Failing to Innovate While Surrounded by Ideas
Samuel Taylor Coleridge wrote the Rime of the Ancient Mariner, with the couplet:
“Water, water everywhere and all the boards did shrink;
Water, water everywhere and not a drop to drink.”
He wrote this imagining a sailor, adrift at sea, who is driven mad by thirst. It’s ironic that the sailor is floating in a sea of water, literally surrounded by water, but none that he can drink.
I wonder what Coleridge would have thought of our political and business climate today, which seems shackled, stagnant and stalled, while there are literally thousands of ideas available. Following a 600 point drop in the stock market, a political system that seems deadlocked and an economy that seems very uncertain, it would appear that we are heading for 70s style stagflation, only without the inflation. So just stagnation. Yet we are literally awash in ideas, if only we have the foresight, courage and energy to start adopting them.
Recently I wrote a post that suggested that of all the critical resources or inputs that have propelled our economy (land, labor,oil, ideas) only ideas were truly inexhaustible. We have, or will, exhaust all of the arable land available for agriculture. We will exhaust our ability to add value with labor. We will exhaust our oil supplies. But the exhaustion of those inputs does not have to stymie our economy or growth. We have an inexhaustible source of creativity, ideas and innovation, which if applied correctly can create solutions to these and many other challenges.
To see just one example of human-kind’s ability to innovate, consider the Simon-Erlich wager. In 1980 two economists made a public wager about a basket of commodities. Erlich, who was concerned about increasing populations and uncontrollable demand, bet the basket of commodities would rise. Simon bet that human ingenuity and innovation would keep the prices of the commodities low. In 1990 Erlich conceded the bet. Although population grew and demand for the commodities increased, the price of every commodity but one in the basket fell. Over a much longer period of time, all of these commodities are exhaustible but the ingenuity and creativity that kept prices low for a decade remains, and will discover alternatives or replacements as the original commodities are exhausted.
Our generation is the most interconnected, well educated generation on the planet. We have access to information unsurpassed in human history – in fact we generate more information on a daily basis than was collected in the first 10,000 years of human history. We can spot trends, generate ideas and test those ideas with greater speed than ever before. We have access to a diverse pool of knowledge – from the Middle East, Africa, India, China and Europe. We are literally awash in ideas, yet stagnant in opportunity.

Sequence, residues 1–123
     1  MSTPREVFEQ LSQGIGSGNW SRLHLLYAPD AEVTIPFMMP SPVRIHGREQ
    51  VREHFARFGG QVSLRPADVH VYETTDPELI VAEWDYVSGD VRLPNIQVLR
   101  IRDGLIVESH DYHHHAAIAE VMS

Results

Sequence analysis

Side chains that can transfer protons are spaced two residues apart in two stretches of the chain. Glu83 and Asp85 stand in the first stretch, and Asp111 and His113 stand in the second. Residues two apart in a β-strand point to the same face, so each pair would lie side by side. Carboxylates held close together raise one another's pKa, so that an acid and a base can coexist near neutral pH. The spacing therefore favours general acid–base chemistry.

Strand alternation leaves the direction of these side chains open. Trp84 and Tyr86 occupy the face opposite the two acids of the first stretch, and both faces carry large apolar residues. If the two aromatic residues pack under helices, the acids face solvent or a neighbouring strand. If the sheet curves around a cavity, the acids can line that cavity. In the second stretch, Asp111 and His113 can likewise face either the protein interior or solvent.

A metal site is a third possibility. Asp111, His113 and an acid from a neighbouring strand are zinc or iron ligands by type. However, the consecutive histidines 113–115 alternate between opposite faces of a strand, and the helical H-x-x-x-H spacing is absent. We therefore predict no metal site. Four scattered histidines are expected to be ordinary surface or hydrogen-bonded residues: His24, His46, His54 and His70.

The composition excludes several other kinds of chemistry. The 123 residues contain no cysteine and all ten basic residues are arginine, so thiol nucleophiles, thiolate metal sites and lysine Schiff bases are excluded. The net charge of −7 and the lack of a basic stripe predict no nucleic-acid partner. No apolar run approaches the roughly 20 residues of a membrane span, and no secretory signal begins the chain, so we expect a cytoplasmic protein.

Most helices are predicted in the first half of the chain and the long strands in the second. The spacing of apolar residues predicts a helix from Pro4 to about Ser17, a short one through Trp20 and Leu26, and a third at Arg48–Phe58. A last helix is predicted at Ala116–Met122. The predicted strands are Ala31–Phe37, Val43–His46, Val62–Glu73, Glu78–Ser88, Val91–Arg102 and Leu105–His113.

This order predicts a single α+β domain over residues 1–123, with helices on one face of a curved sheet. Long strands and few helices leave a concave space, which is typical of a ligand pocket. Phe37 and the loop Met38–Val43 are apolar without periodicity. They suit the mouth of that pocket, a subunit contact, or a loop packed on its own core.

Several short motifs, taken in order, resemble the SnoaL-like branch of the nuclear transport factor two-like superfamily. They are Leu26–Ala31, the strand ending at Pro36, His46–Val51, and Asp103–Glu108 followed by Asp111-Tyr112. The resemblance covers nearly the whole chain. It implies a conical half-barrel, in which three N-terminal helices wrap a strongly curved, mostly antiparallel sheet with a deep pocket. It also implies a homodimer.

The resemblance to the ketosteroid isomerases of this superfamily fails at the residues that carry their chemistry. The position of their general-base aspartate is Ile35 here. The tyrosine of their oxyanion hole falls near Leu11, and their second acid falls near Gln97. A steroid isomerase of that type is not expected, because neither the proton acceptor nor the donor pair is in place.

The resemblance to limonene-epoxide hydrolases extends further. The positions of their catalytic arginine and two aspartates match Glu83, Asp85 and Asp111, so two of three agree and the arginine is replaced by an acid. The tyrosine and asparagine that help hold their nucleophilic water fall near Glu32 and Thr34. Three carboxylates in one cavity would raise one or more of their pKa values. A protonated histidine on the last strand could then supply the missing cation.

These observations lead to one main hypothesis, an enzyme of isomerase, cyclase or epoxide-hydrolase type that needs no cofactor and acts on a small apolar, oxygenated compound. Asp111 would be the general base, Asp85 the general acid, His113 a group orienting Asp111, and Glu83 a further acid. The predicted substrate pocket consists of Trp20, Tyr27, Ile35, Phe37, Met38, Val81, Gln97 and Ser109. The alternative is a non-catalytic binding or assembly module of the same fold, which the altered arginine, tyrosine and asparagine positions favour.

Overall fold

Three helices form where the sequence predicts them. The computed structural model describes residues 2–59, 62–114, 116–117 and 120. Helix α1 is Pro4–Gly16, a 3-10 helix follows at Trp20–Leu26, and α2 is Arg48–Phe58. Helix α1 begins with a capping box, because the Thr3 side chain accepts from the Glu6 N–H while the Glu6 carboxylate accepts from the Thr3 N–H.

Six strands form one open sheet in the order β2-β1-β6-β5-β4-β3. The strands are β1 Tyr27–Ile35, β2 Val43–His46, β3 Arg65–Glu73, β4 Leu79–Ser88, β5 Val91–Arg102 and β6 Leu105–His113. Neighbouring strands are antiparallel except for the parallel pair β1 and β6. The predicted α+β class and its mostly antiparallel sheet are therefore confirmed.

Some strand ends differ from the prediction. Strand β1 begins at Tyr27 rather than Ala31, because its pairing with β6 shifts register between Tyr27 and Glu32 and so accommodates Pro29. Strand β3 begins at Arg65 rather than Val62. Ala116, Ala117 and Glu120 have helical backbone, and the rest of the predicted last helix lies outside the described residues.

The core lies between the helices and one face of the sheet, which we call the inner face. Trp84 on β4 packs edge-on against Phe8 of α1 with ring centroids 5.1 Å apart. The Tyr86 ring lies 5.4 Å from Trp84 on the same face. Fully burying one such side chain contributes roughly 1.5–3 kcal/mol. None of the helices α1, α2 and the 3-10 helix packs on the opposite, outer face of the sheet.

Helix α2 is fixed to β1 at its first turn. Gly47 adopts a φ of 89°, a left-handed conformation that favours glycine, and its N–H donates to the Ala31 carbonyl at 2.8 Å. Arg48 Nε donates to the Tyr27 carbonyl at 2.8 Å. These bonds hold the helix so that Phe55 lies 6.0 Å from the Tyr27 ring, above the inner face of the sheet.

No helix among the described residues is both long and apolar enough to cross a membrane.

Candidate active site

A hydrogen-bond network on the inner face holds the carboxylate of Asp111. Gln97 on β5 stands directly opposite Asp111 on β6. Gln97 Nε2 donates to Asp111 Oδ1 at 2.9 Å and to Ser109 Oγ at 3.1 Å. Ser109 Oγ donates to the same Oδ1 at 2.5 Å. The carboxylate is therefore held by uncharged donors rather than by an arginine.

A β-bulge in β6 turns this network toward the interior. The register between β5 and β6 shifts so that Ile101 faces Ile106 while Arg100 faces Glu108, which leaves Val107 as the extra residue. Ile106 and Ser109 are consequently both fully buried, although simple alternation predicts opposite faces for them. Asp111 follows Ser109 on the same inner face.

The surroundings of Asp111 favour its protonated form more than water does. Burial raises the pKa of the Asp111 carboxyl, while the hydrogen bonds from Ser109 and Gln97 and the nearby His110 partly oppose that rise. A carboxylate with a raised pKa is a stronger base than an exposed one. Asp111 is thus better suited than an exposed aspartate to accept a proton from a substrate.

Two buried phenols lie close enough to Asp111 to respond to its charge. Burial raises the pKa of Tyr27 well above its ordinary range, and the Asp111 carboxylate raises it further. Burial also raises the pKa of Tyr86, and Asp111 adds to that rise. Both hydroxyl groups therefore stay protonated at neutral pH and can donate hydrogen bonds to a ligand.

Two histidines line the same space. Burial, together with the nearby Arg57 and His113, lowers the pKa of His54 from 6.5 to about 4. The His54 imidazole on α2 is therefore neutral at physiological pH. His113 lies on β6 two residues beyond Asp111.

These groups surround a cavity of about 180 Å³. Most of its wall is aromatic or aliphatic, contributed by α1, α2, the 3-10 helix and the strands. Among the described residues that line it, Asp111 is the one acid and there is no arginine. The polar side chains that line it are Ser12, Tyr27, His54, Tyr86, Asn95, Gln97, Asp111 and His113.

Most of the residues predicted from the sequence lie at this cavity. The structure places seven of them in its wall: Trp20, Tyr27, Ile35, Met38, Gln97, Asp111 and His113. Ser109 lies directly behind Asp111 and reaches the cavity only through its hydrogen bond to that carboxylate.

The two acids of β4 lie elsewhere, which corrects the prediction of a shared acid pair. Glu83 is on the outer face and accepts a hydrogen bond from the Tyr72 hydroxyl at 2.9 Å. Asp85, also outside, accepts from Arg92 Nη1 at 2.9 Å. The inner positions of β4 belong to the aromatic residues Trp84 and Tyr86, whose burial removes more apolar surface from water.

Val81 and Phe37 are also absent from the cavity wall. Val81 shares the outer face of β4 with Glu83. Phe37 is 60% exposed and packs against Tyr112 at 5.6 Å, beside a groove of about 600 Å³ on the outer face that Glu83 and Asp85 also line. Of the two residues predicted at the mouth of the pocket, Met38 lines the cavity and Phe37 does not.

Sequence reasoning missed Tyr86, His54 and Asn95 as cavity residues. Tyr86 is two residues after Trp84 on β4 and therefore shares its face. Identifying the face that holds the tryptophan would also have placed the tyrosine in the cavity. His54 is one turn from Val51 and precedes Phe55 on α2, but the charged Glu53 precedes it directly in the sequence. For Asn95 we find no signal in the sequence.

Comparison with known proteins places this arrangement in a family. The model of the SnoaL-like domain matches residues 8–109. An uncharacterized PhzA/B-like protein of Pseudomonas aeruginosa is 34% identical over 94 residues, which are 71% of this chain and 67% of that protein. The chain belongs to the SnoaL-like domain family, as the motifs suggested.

Further, we have the possibility of a network effect. The benefit of the network effect is that as the number of nodes in a network increases, the value of the network increases. As we have far more people who are well-educated, creative and innovative who are connected to the internet and other communication devices, we have a virtuous worldwide circle of innovators who can generate ideas, validate ideas and test ideas with ever increasing speed and accuracy. We stand on the threshold of innovation capabilities unlike any ever seen on our planet. It’s as if we have thousands of Edisons or Marconis or Einsteins waiting, with pens poised, to lavish our markets with ideas. Yet we are told our economies, our markets and our governments are stagnant. Little to no growth is forecast. The hopelessness and apathy are palpable. Markets are unsettled, many experts uncertain which way to turn.
This reality is absurd. It is time for innovators to push aside those with tired, outdated viewpoints and to introduce completely new concepts and ideas. I am convinced that there are thousands of good ideas available to our businesses, governments and economies. Perhaps no one idea is a game-changer, but many ideas and many experiments conducted now will lead us out of this malaise far faster than replaying the same old exercises.
Like the Ancient Mariner we are adrift in the calms in a boat, convinced that our position is stagnant, when all around are ideas full of motive power that can literally change our businesses, economies and governments. We only need to face stagnation if we choose to remain stagnant, because ideas are inexhaustible, innovation accelerates in the interconnected networks and new products, services, business models and governance will rapidly change our settings, course and speed.
So, innovators, what’s your choice? Apathy, dejection, stagnation and wasted decades of inactivity, or innovation, new concepts and ideas, new products, new services, new governance? If ever the power of innovation was more necessary, and the capabilities more relevant, we’d be hard-pressed to name that occasion. For too long the static ways of the past have stood as barriers to better ideas in all facets of life. Innovators of the world, unite and innovate, you have nothing to lose but the stagnation, apathy and fear of those who will not.
Image credit: Craig Goldsmith
Jeffrey Phillips is a senior leader at OVO Innovation. OVO works with large distributed organizations to build innovation teams, processes and capabilities. Jeffrey is the author of “Make us more Innovative”, and innovateonpurpose.blogspot.com.
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